Play #81—Fuseli Paints The Nightmare

The play is set in the London studio of painter Henry Fuseli.  It is March of 1781, and he is preparing to paint what will come to be seen as his masterpiece—The Nightmare.
As the curtain rises, Fuseli is interviewing a young woman who may well serve as the model for what will eventually be the bedevilled, dreaming woman in the painting.  The prospective model’s name is Ivy Underling.

Fuseli: How old are you, Miss Underling?

Ivy: Seventeen, sir.

Fuseli (surprised): Is that all?  I took you for more.

Ivy (smiling wanly):  It’s the deprivation, sir.

Fuseli (Uncertain he heard properly): The deprivation?

Ivy (a bit flustered):  Oh you know, sir.  Doing without and all that.  It makes you old pretty quick.

Fuseli:  Oh.  Yes, I suppose it could.

Ivy (her voice tremulous):  What would I have to do if I model for you, sir?

Fuseli (expansive):  My dear young woman, it is simplicity itself!  First, you’ll be stretched out full-length on a divan—on your back.

Ivy (alarmed):  I won’t be in me altogether, will I sir?  I couldn’t do that!

Fuseli (momentarily confused):  Your altogether?  Oh, you mean naked!  No, no, of course not.

Ivy (smiling): That’s a relief then!

Fuseli (abstractly):  Yes.  Yes.  But you will have to put up with a rather large monkey sitting on your chest!

Ivy (horrified):  A monkey?  A real one?

Fuseli (irritated):  Yes of course a real one. Where am I going to get a stuffed monkey that big?

Ivy (tremulous): Will it be a tame one?

Fuseli (patiently):  Oh yes, it has to be.  Because I have to tie a twisted, grinning mask to its face.

Ivy (suspicious): Just what kind of a painting is this going to be anyhow?

Fuseli (offhand): A work of considerable genius, I imagine.

Ivy (shaken but curious): Does it have a title?

Fuseli (cheerfully):  I’m calling it The Nightmare.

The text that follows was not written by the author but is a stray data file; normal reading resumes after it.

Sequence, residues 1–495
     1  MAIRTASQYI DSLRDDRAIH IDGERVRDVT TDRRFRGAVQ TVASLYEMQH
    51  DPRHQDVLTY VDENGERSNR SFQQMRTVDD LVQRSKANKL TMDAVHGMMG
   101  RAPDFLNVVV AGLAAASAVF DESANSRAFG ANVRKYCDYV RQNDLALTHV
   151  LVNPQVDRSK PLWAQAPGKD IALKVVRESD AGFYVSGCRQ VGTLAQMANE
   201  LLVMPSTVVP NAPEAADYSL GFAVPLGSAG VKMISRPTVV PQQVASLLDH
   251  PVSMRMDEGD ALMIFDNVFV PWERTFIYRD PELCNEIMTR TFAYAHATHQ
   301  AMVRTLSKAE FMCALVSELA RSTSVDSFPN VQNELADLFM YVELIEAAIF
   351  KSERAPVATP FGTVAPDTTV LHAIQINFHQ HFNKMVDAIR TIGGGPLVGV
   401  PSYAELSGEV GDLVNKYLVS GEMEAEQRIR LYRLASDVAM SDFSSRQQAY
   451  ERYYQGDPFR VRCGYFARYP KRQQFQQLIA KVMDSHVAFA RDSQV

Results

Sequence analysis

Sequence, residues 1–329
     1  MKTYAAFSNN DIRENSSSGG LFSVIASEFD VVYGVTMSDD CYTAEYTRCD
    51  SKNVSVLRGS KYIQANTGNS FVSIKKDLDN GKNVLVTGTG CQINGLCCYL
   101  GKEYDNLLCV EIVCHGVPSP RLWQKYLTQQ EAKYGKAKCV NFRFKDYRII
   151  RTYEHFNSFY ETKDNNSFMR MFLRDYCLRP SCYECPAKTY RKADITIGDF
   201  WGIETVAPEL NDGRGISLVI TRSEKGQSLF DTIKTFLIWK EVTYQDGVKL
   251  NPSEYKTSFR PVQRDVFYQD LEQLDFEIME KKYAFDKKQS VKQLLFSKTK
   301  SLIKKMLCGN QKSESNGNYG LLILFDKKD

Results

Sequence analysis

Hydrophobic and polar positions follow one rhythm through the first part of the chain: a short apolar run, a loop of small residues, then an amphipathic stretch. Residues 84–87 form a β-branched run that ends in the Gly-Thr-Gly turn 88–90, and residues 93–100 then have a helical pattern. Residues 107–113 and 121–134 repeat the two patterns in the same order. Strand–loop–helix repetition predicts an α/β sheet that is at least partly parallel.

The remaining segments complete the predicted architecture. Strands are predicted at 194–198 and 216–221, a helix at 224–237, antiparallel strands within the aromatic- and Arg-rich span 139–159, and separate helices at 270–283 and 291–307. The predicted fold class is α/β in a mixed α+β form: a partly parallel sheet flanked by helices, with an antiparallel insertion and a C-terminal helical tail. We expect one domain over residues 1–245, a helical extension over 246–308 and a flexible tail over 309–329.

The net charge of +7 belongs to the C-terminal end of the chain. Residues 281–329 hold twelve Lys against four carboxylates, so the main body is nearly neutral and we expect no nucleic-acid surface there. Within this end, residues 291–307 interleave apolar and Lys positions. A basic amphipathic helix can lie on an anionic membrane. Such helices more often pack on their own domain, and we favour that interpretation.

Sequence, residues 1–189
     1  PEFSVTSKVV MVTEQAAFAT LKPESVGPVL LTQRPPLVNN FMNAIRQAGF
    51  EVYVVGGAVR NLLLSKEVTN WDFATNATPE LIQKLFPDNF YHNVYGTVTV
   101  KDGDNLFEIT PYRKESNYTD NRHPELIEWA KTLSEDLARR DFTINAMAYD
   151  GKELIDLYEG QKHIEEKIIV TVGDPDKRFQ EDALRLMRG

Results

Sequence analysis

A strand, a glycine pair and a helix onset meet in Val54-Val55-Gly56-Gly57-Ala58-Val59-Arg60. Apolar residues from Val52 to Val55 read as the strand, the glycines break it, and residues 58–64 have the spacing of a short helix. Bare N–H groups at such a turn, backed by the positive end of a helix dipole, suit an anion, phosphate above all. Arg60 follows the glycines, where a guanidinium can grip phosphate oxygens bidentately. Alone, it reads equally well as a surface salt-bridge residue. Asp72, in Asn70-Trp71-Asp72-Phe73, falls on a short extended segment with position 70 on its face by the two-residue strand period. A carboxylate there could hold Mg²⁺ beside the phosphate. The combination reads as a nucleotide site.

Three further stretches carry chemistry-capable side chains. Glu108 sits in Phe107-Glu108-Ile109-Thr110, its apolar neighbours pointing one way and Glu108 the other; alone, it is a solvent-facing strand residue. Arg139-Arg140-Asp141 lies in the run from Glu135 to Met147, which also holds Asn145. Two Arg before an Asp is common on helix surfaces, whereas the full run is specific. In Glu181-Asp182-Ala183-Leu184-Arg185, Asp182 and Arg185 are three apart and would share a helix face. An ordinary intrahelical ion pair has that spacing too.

Ivy (getting interested):  Because of the monkey with the evil face??

Fuseli (casually):  That, and because of the screaming horse with big popping white, sightless eyes that has thrust its hideous head through the curtains to stare at you while you are sleeping!!

Ivy (finally getting used to this):  A real horse?

Fuseli (annoyed): A real horse with white eyes as big as croquet balls??!!  Where would I find such an animal?  No, I expect I shall have to make him up!!  The monkey too, perhaps.

Ivy (picking up her cloak and slipping it on):  In that case, Mr. Fuseli, I think you’ll have very little difficulty making me up too!!  Now I’ll take my leave.

Fuseli (incredulous):  And miss your chance at immortality??

Ivy (putting on her bonnet):  If need be, sir, yes.  I suspect immortality just isn’t for me.  Good day to you, Sir!
[she leaves the studio]

Fuseli (watching her leave):  Young people today!  Who can understand them?


Play #80: Cow in the Road

The play is set in a courtroom.   There is a closed hearing in progress.  The venerable judge, one Milton Pepperleigh, sits up at his lofty seat of judgement.  Before the bench stand two vigorous lawyers: Timothy Millstone, who represents the plaintive, a farmer named Abner Apple, and Harry Wanderlust, who represents the defendant, a used car salesman named Shark Sturgeon.

The case, in a nutshell, is this: Abner Apple, the farmer, was driving his cow, Evelina, along a short length of highway, making sure that the cow—which was untethered —was all the while keeping to the gulley along the side of the road, where both cow and farmer were walking (with the cow in front).  Salesman Shark Sturgeon was driving south on the highway at the same time as Abner was escorting his cow (presumably to a nearby pasture).